Taiwanese Vice Economics Minister Hwang Jung-chiou said the arrangement is expected to help Taiwan lure more investment from Japan, including from companies considering moving production overseas to avoid supply chain disruptions caused by the March disaster.
'Japan has been the biggest source of technology for our industries,' Hwang said. 'Many of the big Japanese corporations have already invested here, but with the arrangement, we can attract those who were not as enthusiastic before, such as makers of machinery components, chemical materials, and biotechnology.'
Taiwan’s East Asia Relations Commission Chairman Peng Run-tsu signed the new agreement with his Japanese counterpart Mitsuo Ōhashi 大橋光夫, chairman of the Japan Interchange Association 財団法人交流協会.
The deal is not expected to draw protests from China, which claims sovereignty over Taiwan but has improved its own ties with its rival in recent years. The two sides split amid civil war in 1949.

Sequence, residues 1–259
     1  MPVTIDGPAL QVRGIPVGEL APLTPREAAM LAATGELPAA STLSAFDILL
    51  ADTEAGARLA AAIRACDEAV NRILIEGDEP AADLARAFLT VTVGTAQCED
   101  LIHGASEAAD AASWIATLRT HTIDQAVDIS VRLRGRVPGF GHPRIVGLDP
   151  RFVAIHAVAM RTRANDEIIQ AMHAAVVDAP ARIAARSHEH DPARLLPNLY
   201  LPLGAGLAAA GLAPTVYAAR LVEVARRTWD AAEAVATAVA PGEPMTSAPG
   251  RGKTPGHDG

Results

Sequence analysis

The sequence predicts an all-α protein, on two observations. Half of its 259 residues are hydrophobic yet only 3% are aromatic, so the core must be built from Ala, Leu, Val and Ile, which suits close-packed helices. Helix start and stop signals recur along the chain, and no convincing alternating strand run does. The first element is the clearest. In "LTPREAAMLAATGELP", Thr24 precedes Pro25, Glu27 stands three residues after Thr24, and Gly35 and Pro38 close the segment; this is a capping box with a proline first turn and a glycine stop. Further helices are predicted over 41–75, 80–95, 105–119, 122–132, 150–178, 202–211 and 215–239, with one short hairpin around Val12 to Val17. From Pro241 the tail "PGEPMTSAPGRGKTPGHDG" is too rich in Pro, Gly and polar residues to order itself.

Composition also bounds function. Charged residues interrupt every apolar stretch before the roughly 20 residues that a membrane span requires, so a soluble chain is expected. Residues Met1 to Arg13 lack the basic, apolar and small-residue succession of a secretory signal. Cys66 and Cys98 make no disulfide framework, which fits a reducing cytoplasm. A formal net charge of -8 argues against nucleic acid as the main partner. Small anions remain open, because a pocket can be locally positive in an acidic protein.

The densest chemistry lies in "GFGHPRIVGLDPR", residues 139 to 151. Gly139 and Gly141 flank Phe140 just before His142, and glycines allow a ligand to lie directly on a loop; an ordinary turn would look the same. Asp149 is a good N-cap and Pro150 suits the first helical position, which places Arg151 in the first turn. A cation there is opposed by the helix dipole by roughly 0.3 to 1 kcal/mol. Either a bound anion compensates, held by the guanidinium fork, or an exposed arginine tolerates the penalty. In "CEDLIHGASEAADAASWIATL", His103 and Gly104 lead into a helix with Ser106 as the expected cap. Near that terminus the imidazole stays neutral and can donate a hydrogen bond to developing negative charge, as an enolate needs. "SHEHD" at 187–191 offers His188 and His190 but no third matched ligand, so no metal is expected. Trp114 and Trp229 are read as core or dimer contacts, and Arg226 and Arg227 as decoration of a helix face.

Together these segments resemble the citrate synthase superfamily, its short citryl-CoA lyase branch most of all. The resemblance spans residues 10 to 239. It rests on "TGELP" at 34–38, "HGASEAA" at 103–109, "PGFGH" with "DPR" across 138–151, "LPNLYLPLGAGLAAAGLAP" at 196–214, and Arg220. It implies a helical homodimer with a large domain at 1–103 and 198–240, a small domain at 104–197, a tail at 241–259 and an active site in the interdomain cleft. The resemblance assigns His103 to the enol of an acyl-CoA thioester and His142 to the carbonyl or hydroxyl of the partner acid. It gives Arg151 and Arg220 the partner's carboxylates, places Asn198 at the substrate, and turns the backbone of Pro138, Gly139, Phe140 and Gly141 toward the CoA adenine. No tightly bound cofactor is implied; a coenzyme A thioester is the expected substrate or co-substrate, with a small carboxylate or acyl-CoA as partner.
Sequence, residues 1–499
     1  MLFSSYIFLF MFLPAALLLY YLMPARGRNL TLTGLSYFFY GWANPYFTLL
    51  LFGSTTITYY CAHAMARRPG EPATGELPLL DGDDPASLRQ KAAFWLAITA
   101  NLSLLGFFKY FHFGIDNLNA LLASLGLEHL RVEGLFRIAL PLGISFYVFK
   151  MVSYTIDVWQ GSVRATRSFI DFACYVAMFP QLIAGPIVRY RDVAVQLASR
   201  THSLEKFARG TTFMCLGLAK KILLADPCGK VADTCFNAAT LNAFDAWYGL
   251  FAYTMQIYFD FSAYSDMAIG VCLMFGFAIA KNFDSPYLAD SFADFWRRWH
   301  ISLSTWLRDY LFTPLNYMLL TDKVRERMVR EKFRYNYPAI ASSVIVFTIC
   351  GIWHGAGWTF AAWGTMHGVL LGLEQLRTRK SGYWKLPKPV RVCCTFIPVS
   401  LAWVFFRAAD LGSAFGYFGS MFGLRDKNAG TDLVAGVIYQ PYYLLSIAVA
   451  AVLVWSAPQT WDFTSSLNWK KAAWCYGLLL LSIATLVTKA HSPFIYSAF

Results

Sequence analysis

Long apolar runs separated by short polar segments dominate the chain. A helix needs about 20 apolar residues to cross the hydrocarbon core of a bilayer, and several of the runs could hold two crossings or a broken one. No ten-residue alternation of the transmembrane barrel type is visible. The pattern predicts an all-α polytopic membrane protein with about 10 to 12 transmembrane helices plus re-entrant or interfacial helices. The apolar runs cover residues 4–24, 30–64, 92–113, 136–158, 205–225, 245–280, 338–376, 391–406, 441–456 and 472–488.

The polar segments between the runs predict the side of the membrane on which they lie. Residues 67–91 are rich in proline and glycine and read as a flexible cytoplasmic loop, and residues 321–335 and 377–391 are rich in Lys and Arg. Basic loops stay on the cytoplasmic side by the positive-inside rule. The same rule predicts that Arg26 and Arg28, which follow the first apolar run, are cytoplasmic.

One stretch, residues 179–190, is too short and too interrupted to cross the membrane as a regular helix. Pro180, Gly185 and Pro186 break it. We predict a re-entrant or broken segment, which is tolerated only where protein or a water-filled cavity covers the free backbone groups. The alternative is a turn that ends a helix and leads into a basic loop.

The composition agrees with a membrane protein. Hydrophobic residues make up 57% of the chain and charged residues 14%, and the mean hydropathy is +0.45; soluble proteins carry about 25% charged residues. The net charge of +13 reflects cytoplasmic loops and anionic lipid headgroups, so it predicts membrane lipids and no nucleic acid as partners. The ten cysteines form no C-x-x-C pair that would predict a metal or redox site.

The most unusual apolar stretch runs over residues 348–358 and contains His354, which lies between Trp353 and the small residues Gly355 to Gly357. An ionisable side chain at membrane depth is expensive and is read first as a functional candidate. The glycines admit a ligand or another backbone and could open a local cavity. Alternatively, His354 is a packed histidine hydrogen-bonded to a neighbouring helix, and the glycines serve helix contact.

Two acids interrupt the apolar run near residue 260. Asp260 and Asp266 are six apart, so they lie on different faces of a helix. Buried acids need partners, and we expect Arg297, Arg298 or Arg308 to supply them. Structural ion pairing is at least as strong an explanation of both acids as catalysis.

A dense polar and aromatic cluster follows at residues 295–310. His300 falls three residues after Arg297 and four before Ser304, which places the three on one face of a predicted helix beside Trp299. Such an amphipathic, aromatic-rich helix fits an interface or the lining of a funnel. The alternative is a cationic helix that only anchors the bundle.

Last year, China signed a landmark deal to offer tariff cuts for hundreds of Taiwan-made goods. Taiwanese officials say Japanese corporations may be lured to invest on the island to get access to the same preferential tariffs when exporting to China.
Hwang said Japanese investment in Taiwan has increased over the past two years, and that bilateral trade totaled nearly $70 billion in 2010.
Under the arrangement signed Thursday, companies from the two sides can enjoy the same benefits as local counterparts when investing in each other’s territories.
Both governments will be obligated to assure the free movement of money by their companies to the other side. Investment disputes can also be resolved by international arbitration agencies.
Tōkyō 東京 switched recognition from T'aipei (Táiběi) 台北 to Beijing (Běijīng) 北京 in 1972.
Hwang said the two sides will also consider the signing of a more comprehensive free trade agreement, which would involve liberalization of the service sector and removing remaining import and export barriers."